In 1982, the Los Angeles band Fear released The Record, a pounding document of punk snarl that included such songs as “Let’s Have a War” (“… we can hold it in New Jersey!”) and “I Don’t Care About You.” A 13-year-old Dave Grohl heard the album in Evanston, Ill., where his cousin Tracy played it for him. It is, he says, the album that made him want to be a musician.
DAVE + BILLBOARD
He is relating this story onstage, in Park City, Utah, during the Sundance Film Festival. In fact, Grohl-along with compatriots from Foo Fighters and Nirvana-is backing up the singer of Fear, Lee Ving. It’s the first live performance by Grohl’s Sound City Players-which includes John Fogerty of Creedence Clearwater Revival, Stevie Nicks of Fleetwood Mac and Nirvana’s Krist Novoselic-and there’s barely room to breathe, let alone move, in the 800-capacity club Park City Live. The toughest ticket at this world-renowned film festival will turn out to be this concert.
Imagine a fantasy football league with rock stars and you’ll have a clear idea of the rotating bands Grohl assembled for the debut of Sound City Players. The group is an outgrowth of his documentary “Sound City,” a portrait of the dumpy Van Nuys, Calif., studio where Nirvana recorded Nevermind, Fleetwood Mac added Nicks and Lindsey Buckingham to the lineup and Neil Young cut his classic After the Gold Rush.
For three-plus hours, the Sound City Players delivered a stroll through rock’n’roll history, a living reminder of the great records that came out of Sound City. One impressive lineup featured Novoselic, Cheap Trick guitarist Rick Nielsen, Slipknot singer Corey Taylor, Queens of the Stone Age’s Alain Johannes on guitar and Grohl on drums. Masters of Reality guitarist/singer Chris Goss fronted a unit with Rage Against the Machine drummer Brad Wilk and Grohl on bass; Foo Fighters choogled Creedence-style backing Fogerty, then spun the mellow gold of Fleetwood Mac behind Nicks.
Grohl was a ringleader and a fan at the concert. Not only did he gush with praise for each act, he related his own personal history with each performer’s work. Beyond Fear, Cheap Trick’s “Surrender” was the soundtrack to his drunken summer as a 16 year old in Delaware; Rage Against the Machine was the debut album that sounded like absolutely nothing he had ever heard before. When the Sound City Players hit the final chords of “Jessie’s Girl” while backing Rick Springfield, Grohl leaned into his microphone, waved his right arm and said, “Bucket list. Check.”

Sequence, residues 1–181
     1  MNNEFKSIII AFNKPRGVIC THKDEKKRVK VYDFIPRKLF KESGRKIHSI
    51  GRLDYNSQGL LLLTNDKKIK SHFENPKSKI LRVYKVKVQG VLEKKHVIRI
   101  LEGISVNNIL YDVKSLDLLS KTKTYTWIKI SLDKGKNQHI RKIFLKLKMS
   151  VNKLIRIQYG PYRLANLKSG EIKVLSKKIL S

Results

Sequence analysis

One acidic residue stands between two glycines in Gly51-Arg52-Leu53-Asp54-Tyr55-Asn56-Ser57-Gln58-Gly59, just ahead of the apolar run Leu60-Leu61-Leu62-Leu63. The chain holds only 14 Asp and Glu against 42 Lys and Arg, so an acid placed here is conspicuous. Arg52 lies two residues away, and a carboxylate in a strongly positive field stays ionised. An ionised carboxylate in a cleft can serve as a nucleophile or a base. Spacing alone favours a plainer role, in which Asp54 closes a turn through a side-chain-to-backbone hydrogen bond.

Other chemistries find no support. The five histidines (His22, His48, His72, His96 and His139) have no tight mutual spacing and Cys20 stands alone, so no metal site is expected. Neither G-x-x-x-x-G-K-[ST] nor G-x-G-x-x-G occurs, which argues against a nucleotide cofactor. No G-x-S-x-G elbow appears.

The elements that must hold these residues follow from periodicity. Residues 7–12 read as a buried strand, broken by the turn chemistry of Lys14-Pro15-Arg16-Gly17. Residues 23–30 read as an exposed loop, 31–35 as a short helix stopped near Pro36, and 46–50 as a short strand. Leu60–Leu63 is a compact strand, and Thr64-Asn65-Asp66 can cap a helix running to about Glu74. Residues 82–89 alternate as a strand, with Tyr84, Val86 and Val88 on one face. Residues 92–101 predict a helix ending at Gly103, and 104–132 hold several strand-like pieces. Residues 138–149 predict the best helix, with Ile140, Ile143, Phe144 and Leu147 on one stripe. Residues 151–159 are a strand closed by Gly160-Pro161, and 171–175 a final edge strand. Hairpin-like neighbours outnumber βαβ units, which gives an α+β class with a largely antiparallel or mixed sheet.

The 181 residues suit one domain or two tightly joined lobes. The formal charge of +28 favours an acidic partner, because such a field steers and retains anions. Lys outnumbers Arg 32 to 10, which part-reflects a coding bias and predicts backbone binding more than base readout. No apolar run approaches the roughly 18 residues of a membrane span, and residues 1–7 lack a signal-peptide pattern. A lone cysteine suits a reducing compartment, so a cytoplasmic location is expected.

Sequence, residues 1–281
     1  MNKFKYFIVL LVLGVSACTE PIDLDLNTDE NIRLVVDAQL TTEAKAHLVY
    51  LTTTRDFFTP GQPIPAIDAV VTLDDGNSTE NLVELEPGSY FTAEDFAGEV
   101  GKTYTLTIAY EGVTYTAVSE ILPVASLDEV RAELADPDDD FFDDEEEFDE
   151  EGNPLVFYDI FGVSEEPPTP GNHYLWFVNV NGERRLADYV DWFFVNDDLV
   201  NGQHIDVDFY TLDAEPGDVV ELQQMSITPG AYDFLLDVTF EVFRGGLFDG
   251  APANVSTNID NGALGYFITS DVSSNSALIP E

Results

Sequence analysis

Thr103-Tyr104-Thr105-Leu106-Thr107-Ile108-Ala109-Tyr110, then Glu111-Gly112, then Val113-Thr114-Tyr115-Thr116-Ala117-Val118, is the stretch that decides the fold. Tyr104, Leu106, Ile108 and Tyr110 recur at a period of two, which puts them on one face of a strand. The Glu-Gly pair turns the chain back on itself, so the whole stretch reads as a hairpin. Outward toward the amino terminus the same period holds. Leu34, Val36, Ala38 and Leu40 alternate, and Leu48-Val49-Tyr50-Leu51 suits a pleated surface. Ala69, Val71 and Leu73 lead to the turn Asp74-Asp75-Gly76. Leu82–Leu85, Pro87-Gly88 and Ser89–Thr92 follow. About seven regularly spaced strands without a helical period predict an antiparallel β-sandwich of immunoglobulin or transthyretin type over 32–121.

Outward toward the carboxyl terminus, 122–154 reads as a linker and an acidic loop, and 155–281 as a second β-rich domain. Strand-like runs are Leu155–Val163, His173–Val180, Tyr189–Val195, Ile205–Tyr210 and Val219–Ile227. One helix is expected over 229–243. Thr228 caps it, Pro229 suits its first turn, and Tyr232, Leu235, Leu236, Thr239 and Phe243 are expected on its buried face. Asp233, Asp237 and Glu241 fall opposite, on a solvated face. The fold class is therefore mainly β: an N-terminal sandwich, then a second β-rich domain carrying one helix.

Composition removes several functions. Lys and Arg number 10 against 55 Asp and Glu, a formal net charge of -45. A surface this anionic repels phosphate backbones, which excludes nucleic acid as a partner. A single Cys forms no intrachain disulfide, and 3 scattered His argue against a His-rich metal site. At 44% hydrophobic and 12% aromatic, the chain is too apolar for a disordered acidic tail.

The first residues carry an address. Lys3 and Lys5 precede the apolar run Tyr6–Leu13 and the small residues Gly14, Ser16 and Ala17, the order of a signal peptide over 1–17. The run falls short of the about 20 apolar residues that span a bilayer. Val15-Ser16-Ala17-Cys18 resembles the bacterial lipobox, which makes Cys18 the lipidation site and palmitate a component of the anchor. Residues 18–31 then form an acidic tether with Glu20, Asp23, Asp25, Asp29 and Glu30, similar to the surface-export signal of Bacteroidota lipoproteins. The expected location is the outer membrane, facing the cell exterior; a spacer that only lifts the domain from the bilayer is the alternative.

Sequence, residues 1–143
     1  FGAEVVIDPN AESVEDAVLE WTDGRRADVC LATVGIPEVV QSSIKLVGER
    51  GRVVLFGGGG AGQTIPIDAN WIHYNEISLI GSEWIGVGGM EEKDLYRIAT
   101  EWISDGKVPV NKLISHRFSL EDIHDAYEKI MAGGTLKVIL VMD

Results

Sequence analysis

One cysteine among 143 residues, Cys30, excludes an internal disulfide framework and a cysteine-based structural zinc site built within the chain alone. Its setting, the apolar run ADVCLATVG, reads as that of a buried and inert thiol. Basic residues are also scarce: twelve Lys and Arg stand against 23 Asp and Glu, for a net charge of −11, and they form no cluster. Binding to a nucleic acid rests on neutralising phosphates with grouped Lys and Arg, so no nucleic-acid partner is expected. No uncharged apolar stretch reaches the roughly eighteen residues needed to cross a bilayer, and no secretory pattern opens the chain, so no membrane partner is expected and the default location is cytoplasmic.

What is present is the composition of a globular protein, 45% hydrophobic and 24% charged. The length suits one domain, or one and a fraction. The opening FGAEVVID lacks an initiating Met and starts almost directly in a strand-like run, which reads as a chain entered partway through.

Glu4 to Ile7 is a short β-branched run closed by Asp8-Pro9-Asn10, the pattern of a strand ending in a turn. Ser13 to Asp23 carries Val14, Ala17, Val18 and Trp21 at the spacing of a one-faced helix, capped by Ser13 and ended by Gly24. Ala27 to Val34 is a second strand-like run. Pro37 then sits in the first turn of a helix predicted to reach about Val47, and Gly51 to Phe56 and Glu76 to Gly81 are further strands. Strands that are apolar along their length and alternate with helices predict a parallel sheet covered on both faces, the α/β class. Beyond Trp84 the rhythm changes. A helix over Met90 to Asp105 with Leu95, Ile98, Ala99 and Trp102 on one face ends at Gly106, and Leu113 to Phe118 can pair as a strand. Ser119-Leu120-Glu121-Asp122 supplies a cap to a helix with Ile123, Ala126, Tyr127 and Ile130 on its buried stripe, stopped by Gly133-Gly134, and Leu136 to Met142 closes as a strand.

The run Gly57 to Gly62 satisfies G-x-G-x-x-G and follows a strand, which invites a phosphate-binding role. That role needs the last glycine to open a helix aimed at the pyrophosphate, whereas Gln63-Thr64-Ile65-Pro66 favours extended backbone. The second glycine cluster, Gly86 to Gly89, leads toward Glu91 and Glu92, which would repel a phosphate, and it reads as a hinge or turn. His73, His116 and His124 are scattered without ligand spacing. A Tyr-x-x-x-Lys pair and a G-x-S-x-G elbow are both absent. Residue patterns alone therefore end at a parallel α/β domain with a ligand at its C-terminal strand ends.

To make the night happen, Grohl’s first call was to the Foo Fighters with a request that they learn 40 songs in 10 days. “Then I made these charts of each performer, the songs we would play with them and who was going to play which instrument,” Grohl says. “It was so overwhelming, but it was like cramming for the coolest test you’ve ever taken in your life. Because we had done the rehearsals separately, we had never run the entire show. That night [Jan. 18] was the first time it had happened in sequence.”
Grohl hopes to do the show “all over the world” but realizes the logistical nightmare of gathering 16 or 17 musicians in far-flung places. The show after the Hollywood premiere of the film, held in the 4,400-capacity Hollywood Palladium, is the model Grohl would like to duplicate elsewhere-performances separated by the screening of various scenes from the film.
“One of the great things about telling the story of a studio is there is obviously so much history,” Grohl says, comfortably stretched out on a sofa in a condo on a Park City hillside. “Sound City has been home to so many influential albums, but also to so many beautiful stories about people and their relationships.
“When we [Nirvana’s Kurt Cobain, Novoselic and Grohl] pulled up to Sound City, we had no idea the next 16 days were going to change our world. I wanted to pay tribute to that.” As he says in the film, “Sound City represents integrity, some sort of truth.”
Grohl’s film unfolds as a triptych: the history of the recording studio and its handmade Neve mixing console; Grohl’s personal connection to Sound City through the recording of Nevermind, and his purchase of the Neve console in 2011 when the studio was closing; and the recording of a new album with Sound City veterans.
The custom-made Neve console was installed at Sound City in 1973, four years after the studio opened as a state-of-the-art facility. After he bought it, Grohl wanted to make a short film about the board to post on YouTube. “It was right around the 20th anniversary of Nevermind so I thought, ‘This will be a nice sidebar, that I’m reunited with the board that made that album,'” Grohl says.
Sound City owner Tom Skeeter brought out the paperwork to show Grohl the original receipt for the board-about $76,000, twice as much as a house in that section of the San Fernando Valley in 1973-and a 10-page spreadsheet of every album recorded at Sound City. That list included the Grateful Dead’s only studio album recorded in Southern California, Terrapin Station, six Tom Petty albums, Rage Against the Machine’s debut and Nine Inch Nails’ The Slip.
“That’s when I realized, ‘This is not a YouTube clip,'” Grohl says. “It’s a feature-length documentary and we need to step it up a bit.” Which led to Grohl assembling a crew and setting a deadline for the film based on when projects needed to be submitted for Sundance consideration.
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